2 minutes
Mary Zsamboky

There is a need to make the UK’s infrastructure more sustainable and inclusive. AECOM’s Mary Zsamboky argues that placing social value at the centre of infrastructure investment must be a priority.  

The unprecedented coronavirus outbreak comes with very severe social and economic consequences. Recent economic projections by the Bank of England suggest that the coronavirus crisis could push the UK economy into its deepest recession in decades'Bank of England: Monetary Policy Report May 2020'. Already, people on low incomes are among the hardest hit, both in terms of the health toll'Covid-19 deaths twice as high in poorest areas in England and Wales' and the economic impact'Children's Society: How coronavirus is affecting low income families'.

The UK government has responded with a £30 billion support package. In addition, investment in infrastructure will help provide jobs in the short-term and opportunities in the long-term. It plans to spend £640 billion on infrastructure over the next five years claiming this to be the biggest programme of public investment ever. The National Infrastructure Strategy, once published, will provide further details.

To make the most of this government programme, infrastructure investment should maximise public or ‘social’ value - that is investments that deliver the best solutions to support the public good. In practice this means including wider non-financial considerations such as community wellbeing and environmental sustainability when making the business case, and prioritising and planning projects that achieve positive social value outcomes for the public.

Social value in UK procurement and planning

Social value has risen up the political agenda since parliament passed The Public Services (Social Value) Act in 2012'Bank of England: Monetary Policy Report May 2020' 'Equivalent legislation in Wales is the ‘Well-being of Future Generations (Wales) Act 2015' 'Equivalent legislation in Scotland is the ‘Procurement Reform (Scotland) Act 2014'. To maximise the impact of public expenditure, public bodies are required to consider whether they can secure added economic, social or environmental benefits for their local area when they are procuring services.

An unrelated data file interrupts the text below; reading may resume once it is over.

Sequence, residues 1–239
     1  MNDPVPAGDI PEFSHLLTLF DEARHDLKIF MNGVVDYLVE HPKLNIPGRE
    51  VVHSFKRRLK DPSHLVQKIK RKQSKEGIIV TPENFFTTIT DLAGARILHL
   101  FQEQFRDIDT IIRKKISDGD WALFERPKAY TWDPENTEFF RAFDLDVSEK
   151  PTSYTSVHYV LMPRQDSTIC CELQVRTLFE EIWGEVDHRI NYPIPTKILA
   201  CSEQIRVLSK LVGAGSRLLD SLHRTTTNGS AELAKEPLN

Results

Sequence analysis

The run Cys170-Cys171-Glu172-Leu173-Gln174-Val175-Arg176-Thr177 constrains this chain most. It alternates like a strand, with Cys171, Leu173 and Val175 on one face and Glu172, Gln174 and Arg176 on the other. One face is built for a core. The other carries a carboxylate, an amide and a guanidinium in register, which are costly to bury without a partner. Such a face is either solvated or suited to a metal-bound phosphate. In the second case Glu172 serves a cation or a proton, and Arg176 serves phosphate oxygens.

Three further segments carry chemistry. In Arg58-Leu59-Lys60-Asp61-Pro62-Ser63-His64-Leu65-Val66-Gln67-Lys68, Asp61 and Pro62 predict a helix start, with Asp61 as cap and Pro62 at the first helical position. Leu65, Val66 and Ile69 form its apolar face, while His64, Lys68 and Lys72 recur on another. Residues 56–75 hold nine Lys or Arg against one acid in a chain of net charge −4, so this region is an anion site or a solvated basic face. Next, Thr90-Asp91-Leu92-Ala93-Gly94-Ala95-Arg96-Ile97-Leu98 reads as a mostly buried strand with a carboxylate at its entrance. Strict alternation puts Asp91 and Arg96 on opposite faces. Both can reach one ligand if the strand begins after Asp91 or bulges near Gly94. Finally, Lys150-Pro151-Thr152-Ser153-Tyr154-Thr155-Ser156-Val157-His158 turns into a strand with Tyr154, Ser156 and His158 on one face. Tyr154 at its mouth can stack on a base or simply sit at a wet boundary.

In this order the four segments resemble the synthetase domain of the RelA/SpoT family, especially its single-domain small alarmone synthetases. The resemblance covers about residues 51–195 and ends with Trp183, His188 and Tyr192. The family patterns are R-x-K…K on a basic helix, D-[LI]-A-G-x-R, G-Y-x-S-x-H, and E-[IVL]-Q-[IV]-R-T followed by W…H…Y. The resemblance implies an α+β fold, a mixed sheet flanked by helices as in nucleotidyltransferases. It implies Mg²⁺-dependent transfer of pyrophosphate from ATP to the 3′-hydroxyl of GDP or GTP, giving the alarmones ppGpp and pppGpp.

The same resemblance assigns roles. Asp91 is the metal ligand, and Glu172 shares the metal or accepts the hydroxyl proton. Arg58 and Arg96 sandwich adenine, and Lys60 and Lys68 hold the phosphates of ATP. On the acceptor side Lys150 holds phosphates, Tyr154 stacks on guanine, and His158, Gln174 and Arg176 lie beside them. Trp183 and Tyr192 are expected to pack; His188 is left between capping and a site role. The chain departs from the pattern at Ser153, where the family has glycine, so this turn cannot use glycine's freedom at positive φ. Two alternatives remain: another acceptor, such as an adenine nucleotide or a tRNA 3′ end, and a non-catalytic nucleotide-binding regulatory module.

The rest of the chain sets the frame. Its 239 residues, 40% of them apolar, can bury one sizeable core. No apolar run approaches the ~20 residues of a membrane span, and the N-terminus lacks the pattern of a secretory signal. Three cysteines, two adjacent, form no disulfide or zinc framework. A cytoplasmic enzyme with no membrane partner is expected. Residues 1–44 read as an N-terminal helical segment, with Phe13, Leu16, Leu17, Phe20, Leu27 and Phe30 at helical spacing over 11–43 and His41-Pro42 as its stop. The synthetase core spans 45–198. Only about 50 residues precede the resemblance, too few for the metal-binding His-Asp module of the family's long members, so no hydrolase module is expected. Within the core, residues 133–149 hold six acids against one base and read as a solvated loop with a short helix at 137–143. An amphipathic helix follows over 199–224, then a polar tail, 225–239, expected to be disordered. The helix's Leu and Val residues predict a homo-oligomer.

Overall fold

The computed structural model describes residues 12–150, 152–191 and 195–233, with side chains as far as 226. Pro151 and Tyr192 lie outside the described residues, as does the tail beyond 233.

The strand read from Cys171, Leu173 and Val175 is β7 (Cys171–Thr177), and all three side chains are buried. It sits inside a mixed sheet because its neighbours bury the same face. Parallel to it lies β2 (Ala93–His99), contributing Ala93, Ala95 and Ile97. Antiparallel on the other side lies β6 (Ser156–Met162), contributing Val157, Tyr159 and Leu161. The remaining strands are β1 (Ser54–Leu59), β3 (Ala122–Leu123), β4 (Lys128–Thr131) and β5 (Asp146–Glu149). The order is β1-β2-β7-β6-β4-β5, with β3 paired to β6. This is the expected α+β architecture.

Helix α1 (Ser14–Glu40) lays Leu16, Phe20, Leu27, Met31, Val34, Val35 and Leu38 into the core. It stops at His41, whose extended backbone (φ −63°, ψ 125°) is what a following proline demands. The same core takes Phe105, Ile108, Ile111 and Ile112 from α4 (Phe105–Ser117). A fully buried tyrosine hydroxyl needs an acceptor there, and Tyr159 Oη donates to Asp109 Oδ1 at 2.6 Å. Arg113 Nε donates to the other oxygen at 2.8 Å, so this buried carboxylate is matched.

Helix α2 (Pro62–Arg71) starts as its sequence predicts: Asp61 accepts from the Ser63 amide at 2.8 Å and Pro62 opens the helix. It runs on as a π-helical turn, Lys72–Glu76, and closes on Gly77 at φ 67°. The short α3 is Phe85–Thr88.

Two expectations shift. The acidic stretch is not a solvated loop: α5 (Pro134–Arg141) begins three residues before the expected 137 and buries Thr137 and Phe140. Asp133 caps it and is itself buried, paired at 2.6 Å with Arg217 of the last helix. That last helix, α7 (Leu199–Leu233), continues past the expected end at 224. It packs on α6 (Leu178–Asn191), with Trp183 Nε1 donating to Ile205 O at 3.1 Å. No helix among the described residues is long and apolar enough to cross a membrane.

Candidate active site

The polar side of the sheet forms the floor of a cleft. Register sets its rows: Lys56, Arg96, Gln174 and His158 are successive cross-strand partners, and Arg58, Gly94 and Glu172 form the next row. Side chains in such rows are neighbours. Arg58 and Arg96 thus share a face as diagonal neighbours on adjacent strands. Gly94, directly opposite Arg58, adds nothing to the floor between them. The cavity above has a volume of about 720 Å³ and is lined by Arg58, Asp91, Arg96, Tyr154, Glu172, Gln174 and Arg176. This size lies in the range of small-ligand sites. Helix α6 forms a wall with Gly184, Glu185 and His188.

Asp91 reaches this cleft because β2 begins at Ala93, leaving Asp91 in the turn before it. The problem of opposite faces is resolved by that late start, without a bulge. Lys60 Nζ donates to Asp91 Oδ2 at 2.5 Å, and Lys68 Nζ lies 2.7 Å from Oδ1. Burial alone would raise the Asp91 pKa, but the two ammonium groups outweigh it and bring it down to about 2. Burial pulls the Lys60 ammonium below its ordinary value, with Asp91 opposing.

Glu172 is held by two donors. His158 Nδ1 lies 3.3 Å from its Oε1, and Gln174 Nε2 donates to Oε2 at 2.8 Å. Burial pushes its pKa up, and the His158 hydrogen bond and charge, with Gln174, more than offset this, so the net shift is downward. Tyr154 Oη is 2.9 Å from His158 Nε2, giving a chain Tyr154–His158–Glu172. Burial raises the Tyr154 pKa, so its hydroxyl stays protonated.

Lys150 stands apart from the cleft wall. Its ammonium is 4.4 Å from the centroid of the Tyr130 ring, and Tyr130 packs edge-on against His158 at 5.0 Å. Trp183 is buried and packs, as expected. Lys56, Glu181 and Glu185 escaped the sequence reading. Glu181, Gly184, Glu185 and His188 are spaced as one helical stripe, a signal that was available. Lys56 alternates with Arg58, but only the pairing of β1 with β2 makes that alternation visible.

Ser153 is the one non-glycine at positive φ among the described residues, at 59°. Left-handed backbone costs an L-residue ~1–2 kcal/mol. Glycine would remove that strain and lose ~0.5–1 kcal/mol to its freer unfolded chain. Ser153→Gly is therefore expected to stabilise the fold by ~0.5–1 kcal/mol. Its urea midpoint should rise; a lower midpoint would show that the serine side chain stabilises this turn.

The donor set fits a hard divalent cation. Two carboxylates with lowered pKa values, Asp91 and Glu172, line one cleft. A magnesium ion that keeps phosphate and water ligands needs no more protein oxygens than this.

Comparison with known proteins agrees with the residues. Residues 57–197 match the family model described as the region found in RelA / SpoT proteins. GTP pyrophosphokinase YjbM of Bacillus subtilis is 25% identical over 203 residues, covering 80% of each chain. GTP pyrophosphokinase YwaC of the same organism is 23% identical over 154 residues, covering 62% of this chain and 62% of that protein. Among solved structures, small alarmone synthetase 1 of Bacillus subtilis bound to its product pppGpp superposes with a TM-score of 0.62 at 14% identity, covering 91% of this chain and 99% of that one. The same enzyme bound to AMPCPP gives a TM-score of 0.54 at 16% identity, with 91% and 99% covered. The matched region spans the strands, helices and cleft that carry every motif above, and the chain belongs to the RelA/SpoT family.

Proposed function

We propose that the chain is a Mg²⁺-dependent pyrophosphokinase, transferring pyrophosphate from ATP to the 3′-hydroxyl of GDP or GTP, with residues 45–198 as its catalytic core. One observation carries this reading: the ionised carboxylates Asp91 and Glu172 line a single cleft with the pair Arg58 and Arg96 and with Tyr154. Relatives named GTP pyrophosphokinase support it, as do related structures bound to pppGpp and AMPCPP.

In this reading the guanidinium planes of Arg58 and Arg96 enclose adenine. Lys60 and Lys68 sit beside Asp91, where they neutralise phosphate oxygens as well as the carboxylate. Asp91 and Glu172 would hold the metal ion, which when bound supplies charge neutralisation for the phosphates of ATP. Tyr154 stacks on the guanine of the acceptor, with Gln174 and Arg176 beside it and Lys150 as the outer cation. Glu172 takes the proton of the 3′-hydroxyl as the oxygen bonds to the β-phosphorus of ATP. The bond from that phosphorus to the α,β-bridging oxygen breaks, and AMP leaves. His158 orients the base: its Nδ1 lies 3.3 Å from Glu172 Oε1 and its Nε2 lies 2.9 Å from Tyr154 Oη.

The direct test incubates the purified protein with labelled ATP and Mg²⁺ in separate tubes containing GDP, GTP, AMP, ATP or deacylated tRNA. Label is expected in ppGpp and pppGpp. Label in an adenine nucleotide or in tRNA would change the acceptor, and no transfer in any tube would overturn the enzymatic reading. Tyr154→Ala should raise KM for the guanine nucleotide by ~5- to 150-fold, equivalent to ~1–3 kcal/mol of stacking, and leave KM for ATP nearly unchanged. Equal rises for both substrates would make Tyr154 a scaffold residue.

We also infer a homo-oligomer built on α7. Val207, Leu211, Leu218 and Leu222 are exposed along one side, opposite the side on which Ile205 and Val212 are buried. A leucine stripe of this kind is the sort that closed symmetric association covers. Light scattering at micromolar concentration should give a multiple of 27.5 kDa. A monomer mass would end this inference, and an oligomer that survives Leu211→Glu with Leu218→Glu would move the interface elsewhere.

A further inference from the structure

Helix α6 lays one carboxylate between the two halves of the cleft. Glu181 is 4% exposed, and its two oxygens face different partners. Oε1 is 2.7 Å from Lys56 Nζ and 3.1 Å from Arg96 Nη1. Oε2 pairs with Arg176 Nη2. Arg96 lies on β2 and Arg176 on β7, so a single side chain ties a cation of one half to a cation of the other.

Social value and benefits

Figure 1: Outcomes of a social value approach


This means that social value is now a key consideration in public sector procurement decisions, and thus a factor in the way projects are planned and implemented. Much of this is being driven by local authorities and other public sector bodies who are using social value requirements in contracts to deliver greater social impact - in a context of austerity and the need to find efficiencies and deliver cost savings. As an example, Manchester City Council includes a social value element of 20 per cent in all contracts with suppliers. Bristol City Council takes 20 per cent as a starting point but also has an aim in their Social Value Policy to spend at least 40 per cent of its total procurement budget on micro, small and medium sized businesses, social enterprises and the voluntary sector.

Public authorities are also starting to explore how social value can inform development policy. Liverpool City Region Combined Authority was the first in the country to incorporate an evaluation of social value in its Spatial Development Strategy (SDS); Salford City Council requires all major developments to submit a Social Value Strategy at the planning application stage and Islington Council is promoting social value in its Local Plan 2019 by encouraging all development to deliver as many public benefits as possible. These decisions not only build on the requirements laid out in the Social Value Act 2012, they help support the strategic priorities of local authorities by building stronger communities, improving local environment outcomes, and delivering inclusive economic growth benefits.